My mother (Margot Gameson née Evelyn) was born in the West Indies, one of many descendants of a cousin of John Evelyn (the diarist), who went to Barbados in the C17th century.
The inspiration behind The Turtle Run, (and a scene in the book, described just as my mother witnessed it) came from an experience she had whilst driving in Barbados: she came across barefooted, blue-eyed, fair-haired children struggling to carry buckets of water from a standpipe to their chattel house whilst their mother hollered at them; it made an impression on my mother firstly because they looked so miserable, and secondly because it was the first time she had come across ‘poor whites’ – a phrase that carried much more shame in Barbados then than we can imagine from our current UK perspective. It was only later that my mother learnt that these were Redlegs – possibly descendants of the Monmouth rebels, who were exiled from England to Barbados in 1685.
|Barbados: not just a holiday destination|
My mother did a little research out there to try and discover more about the original exiled Monmouth Rebels but it was only many years later – after we had moved to the UK and my parents had retired to Dorset – that she was really able to research the beginning of the story, with its many connections to the West Country.
When Charles II died there was such horror about the return of a Catholic regent (as his younger brother, James II, was), that many people preferred Charles’s illegitimate (but Protestant) son – the Duke of Monmouth – as king. This culminated in the Battle of Sedgemoor in Somerset in 1685 – the last pitched battle on English soil. The Monmouth rebels lost to the royal army, and great efforts were made to hunt down the men who had participated in the rebellion.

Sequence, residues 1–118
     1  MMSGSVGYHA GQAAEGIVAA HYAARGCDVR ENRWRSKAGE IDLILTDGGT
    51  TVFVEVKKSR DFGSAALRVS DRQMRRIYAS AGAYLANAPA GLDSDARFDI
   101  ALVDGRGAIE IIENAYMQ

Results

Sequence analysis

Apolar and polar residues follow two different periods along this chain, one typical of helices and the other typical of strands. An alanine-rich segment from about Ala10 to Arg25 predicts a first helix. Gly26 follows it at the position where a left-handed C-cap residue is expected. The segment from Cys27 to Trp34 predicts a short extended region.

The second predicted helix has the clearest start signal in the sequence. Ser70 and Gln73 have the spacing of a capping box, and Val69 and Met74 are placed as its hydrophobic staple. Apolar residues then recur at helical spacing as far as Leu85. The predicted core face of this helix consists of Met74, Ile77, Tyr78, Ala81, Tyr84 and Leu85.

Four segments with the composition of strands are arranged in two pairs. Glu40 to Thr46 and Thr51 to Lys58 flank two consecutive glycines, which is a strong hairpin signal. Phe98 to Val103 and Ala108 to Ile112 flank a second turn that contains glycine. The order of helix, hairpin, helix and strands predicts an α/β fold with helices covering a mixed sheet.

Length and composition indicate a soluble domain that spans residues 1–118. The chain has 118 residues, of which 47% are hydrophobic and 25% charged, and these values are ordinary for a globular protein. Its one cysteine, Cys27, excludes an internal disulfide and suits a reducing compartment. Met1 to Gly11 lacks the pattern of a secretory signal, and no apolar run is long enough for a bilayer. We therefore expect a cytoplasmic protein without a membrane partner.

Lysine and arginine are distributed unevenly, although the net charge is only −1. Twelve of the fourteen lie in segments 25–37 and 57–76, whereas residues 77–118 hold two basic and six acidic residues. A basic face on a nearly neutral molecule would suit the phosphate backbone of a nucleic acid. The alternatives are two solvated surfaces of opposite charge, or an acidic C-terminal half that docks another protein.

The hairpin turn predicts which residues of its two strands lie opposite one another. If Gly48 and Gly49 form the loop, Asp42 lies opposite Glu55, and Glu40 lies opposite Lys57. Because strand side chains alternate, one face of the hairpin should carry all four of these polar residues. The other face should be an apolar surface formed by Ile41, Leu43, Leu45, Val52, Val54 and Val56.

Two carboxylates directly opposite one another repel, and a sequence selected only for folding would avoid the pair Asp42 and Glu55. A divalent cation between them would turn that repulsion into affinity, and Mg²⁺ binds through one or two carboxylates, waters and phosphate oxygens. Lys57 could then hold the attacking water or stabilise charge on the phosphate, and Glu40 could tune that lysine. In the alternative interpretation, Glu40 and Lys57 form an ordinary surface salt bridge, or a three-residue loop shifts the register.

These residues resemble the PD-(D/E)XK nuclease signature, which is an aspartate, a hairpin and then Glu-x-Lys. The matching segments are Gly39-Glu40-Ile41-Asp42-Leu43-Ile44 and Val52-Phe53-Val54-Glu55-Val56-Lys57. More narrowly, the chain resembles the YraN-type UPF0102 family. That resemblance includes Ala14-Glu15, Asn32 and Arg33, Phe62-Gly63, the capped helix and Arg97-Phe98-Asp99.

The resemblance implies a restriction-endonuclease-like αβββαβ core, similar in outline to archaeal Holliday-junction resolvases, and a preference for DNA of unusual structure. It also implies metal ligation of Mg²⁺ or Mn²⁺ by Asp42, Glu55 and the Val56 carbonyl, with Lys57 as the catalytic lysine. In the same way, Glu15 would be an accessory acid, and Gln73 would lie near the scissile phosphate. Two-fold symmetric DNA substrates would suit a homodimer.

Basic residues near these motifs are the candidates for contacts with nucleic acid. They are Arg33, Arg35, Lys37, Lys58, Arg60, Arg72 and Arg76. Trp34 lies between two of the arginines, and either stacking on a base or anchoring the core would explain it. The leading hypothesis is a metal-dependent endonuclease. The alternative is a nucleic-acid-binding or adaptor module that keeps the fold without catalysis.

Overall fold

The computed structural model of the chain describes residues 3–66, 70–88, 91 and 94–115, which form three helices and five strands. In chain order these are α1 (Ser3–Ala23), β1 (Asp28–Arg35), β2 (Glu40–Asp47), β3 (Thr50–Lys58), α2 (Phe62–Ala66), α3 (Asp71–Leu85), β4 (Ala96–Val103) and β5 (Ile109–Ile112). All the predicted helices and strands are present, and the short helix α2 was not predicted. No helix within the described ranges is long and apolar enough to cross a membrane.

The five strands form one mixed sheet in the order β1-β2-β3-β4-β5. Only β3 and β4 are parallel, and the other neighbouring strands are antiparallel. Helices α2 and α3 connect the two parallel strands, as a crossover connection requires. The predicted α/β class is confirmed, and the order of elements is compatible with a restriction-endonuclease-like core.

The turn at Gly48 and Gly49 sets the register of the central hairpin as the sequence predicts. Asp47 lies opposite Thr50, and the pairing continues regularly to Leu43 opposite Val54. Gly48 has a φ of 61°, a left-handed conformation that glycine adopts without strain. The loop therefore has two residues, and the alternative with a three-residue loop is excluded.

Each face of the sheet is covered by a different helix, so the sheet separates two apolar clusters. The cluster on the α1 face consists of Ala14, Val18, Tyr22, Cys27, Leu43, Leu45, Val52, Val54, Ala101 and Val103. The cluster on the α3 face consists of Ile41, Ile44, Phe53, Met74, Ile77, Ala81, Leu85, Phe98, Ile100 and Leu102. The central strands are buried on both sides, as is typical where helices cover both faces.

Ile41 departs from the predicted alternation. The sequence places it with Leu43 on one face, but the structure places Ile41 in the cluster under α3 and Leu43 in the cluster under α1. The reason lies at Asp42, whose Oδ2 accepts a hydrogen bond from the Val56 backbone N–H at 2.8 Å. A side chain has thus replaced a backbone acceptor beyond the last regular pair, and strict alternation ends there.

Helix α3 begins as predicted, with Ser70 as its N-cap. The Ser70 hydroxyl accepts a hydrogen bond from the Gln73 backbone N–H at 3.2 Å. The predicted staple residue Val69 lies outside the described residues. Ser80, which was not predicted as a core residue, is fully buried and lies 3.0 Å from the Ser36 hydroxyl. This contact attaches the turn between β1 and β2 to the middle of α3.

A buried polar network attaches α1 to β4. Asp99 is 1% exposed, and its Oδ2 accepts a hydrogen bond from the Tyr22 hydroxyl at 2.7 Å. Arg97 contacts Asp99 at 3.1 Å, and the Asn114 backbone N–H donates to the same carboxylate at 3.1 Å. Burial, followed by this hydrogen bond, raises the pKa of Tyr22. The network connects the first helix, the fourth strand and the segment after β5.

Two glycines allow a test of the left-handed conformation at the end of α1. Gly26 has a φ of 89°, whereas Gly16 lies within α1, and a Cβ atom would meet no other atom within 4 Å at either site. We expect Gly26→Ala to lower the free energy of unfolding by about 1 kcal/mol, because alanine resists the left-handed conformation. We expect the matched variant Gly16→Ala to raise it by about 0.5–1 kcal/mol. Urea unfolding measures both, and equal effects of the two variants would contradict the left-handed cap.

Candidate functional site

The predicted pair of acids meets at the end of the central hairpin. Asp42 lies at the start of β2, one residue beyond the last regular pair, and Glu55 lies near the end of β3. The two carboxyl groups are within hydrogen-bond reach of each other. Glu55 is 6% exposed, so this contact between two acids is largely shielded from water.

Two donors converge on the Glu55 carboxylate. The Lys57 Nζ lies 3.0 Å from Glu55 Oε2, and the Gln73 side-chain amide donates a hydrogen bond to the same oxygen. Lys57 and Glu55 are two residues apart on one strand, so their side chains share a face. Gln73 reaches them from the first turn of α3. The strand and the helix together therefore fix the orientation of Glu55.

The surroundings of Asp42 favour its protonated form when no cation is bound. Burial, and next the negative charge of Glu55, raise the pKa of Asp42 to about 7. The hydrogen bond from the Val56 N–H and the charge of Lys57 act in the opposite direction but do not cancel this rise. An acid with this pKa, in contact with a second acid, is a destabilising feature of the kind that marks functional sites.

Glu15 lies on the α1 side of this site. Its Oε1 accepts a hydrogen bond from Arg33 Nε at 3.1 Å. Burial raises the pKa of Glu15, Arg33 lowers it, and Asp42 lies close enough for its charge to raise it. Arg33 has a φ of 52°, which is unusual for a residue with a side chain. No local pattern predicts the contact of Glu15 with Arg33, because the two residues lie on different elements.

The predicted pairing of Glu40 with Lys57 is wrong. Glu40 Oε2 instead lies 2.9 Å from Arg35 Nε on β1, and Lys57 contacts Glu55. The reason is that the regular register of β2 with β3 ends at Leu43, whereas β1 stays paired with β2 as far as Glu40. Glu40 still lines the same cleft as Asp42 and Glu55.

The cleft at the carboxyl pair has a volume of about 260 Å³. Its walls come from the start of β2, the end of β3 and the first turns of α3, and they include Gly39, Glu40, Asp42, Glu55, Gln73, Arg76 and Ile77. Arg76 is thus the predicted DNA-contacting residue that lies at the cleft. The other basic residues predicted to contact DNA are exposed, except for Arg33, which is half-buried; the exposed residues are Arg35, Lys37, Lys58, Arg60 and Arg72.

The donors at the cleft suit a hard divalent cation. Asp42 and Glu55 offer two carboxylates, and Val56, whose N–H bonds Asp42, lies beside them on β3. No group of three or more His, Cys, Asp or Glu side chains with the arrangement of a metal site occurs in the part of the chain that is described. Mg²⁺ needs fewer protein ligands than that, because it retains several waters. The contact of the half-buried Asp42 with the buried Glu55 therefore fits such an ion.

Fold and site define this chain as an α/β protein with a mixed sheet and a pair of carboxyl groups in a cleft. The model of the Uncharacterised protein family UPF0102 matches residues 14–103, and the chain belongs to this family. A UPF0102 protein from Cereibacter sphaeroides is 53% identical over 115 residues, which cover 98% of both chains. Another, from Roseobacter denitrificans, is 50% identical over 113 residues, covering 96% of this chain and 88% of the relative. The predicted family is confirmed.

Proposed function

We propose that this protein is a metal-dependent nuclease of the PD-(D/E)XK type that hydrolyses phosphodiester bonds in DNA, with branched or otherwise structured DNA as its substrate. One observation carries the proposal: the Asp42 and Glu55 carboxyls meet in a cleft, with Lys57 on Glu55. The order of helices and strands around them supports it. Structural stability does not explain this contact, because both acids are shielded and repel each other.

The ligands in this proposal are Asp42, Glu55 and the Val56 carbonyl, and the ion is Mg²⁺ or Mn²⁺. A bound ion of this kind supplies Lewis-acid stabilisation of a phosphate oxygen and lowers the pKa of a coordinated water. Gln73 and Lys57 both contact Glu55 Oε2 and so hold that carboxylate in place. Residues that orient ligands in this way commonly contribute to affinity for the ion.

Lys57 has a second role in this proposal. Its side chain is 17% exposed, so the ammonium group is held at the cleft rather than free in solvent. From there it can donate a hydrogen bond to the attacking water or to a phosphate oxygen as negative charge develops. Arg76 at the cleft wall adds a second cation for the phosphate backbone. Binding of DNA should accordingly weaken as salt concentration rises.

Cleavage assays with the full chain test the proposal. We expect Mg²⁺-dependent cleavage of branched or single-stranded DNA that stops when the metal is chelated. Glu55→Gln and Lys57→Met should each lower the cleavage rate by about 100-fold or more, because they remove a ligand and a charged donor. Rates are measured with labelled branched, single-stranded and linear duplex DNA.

Of the judges appointed by King James II to dispense rapid 'justice', the most notorious was Judge Jeffreys. Much has been recorded about his bullying of defendants, (some of whom had not even participated in the rebellion), and his relish at announcing barbarous punishments. His cruelty is best demonstrated by his sentencing of one woman in her eighties, for giving a night's lodging to a man she hadn't even known was a Monmouth rebel: she was to be burnt alive. (Following protests, James II commuted this to 'beheading').
I have read that Jeffrey was quite dismayed that some of the convicted were to face the softer option of transportation to the colonies rather than execution, but this was down to expediency rather than royal mercy: James II rewarded some courtiers with rebels to work on their plantations as indentured labourers, whilst others were able to purchase rebel workers, to the financial benefit of the Crown. Ships left Weymouth and Bristol with the transportees below deck – so crammed that they could not lie down without lying on someone else. The diseases and infections (from wounds still unhealed following the Battle of Sedgemoor) which had characterised the stay of many in Somerset and Dorset jails, were carried forward into these holds, so that some died and had to be 'Buried At Sea' (tossed overboard).
|Cane cutting 21st century style|